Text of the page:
If the witness is not testifying as an expert, the witness' testimony in the form of opinions or inferences is limited to those opinions or inferences which are (a) rationally based on the perception of the witness, and (b) helpful to a clear understanding of the witness' testimony or the determination of a fact in issue, and (c) not based on scientific, technical, or other specialized knowledge within the scope of Rule 702.

Fed.R.Evid. 701. Subsection (c) was added in 2000 to "eliminate the risk that the reliability requirements set forth in Rule 702 will be evaded through the simple expedient of proffering an expert in lay witness clothing." Fed.R.Evid. 701 advisory committee's notes for the 2000 amendments [hereinafter Notes to 2000 Amendments]. As a result, lay testimony must "result[ ] from a process of reasoning familiar in everyday life," as opposed to a process "which can be mastered only by specialists in the field." Notes to 2000 Amendments. This does not mean that an expert is always necessary whenever the testimony is of a specialized or technical nature. When a lay witness has particularized knowledge by virtue of his/her experience, he/she may testify-even if the subject matter is specialized or technical-because the testimony is based upon the layperson's personal knowledge rather than on specialized knowledge within the scope of Rule 702. See Notes to 2000 Amendments.

Here, Smith has a Bachelor's degree in Mathematics in 1968 from Ohio State. He taught math for five years in the Columbus City Schools. From 1989 to 1990, he served as a consultant for the Ohio State Superintendents Association primarily in strategic planning but also in financial analysis. From 2002 through 2007, Smith served as the chair of the financial oversight panel for the Livingston School District. In 1980, he served as superintendent in a school district of 1,000 students and then served as a superintendent in a school district of 4,500 students through 1989. Also, he has been a professor at SIU Edwardsville in Educational Leadership since 1990.

Based on plaintiff's background, the Court finds that he has the experience and the particularized knowledge to present evidence about his personal damages under Rule 701. This is an area that plaintiff is familiar with and the computations do not require expert testimony as the computations appear to be straightforward and not complex. The Court notes that a plaintiff seeking future lost earnings need only present sufficient evidence to establish those damages with reasonable certainty.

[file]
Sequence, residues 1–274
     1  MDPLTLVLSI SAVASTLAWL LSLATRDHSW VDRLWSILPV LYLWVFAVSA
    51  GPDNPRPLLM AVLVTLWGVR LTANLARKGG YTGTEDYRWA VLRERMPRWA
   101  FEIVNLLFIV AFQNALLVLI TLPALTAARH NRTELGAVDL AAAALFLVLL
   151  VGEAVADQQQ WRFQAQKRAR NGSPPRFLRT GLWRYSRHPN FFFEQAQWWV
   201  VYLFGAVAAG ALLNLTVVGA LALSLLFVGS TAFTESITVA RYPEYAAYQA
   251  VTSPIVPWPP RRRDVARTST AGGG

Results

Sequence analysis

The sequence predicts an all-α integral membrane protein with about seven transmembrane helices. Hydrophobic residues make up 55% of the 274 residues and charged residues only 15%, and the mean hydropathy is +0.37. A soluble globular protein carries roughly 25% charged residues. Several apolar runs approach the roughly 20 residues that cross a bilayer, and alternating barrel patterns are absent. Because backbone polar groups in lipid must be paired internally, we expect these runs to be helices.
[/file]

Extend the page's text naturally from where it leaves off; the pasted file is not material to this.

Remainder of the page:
Further, as noted by plaintiff, the question of back pay is an equitable question to be resolved by the court, not a factual question to be resolved by the jury. 42 U.S.C. § 2000e-5(g); See Albemarle Paper Co. v. Moody, 422 U.S. 405, 415 (1975); Landgraf v. USI Film Prods., 511 U.S. 244, 252 (1994); David v. Caterpillar, Inc., 324 F.3d 851, 866 97th Cir. 2003); Doe v. Oberweis Dairy, 456 F.3d 704, 714 (7th Cir. 2006)(stating in dicta "that back pay is an equitable remedy."). The same is true for front pay, which is an alternative to the traditional equitable remedy of reinstatement. Hildebrandt v. Ill. Dept. of Natural Resources, 347 F.3d 1014, 1031 n. 12 (7th Cir. 2003); Mattenson v. Baxter Healthcare Corp., 438 F.3d 763, 771 (7th Cir. 2006). However, the Court may empanel the jury as an advisory jury on the issue; or the parties may, with the Court's consent, agree that the jury will decide the issue. Pals v. Schepel Buick & GMC Truck, Inc., 220 F.3d 495, 499-501 (7th Cir. 2000). Here, the Court concludes that the suitable method to determine these damage issues is for the Court to decide them without jury advice, if necessary.

Lastly, defendant argues that the damage computations must be barred because they are based on an erroneous assumptions contrary to the Illinois Pension Code. Specifically, IASB argues inter alia that plaintiff cannot transfer more than two years of his previous service in the Ohio state teachers retirement system to the Illinois Teachers Retirement System. Plaintiff responds that his damages computations properly interpret the Illinois Pension Code and are admissible and that IASB is in essence moving for summary judgment on plaintiff's damages and that this argument was not included in its summary judgment motion so this argument is untimely.

As indicated above, the Court will determine the damages issue without the advice of the jury, if necessary. Further, the Court is confident that it can assess/calculate the appropriate damages to be awarded based on plaintiff's submissions and the statutes involved. The Court notes that it may entertain a request for additional briefing on the damages issue at the proper time.

Accordingly, the Court DENIES IASB's motion to bar plaintiff's computations damages (Doc. 118) and its motion in limine to preclude plaintiff from testifying as to damages computations (Doc. 119).


David R. Herndon Chief Judge United States District Court

2012.03.15 13:25:53 -05'00'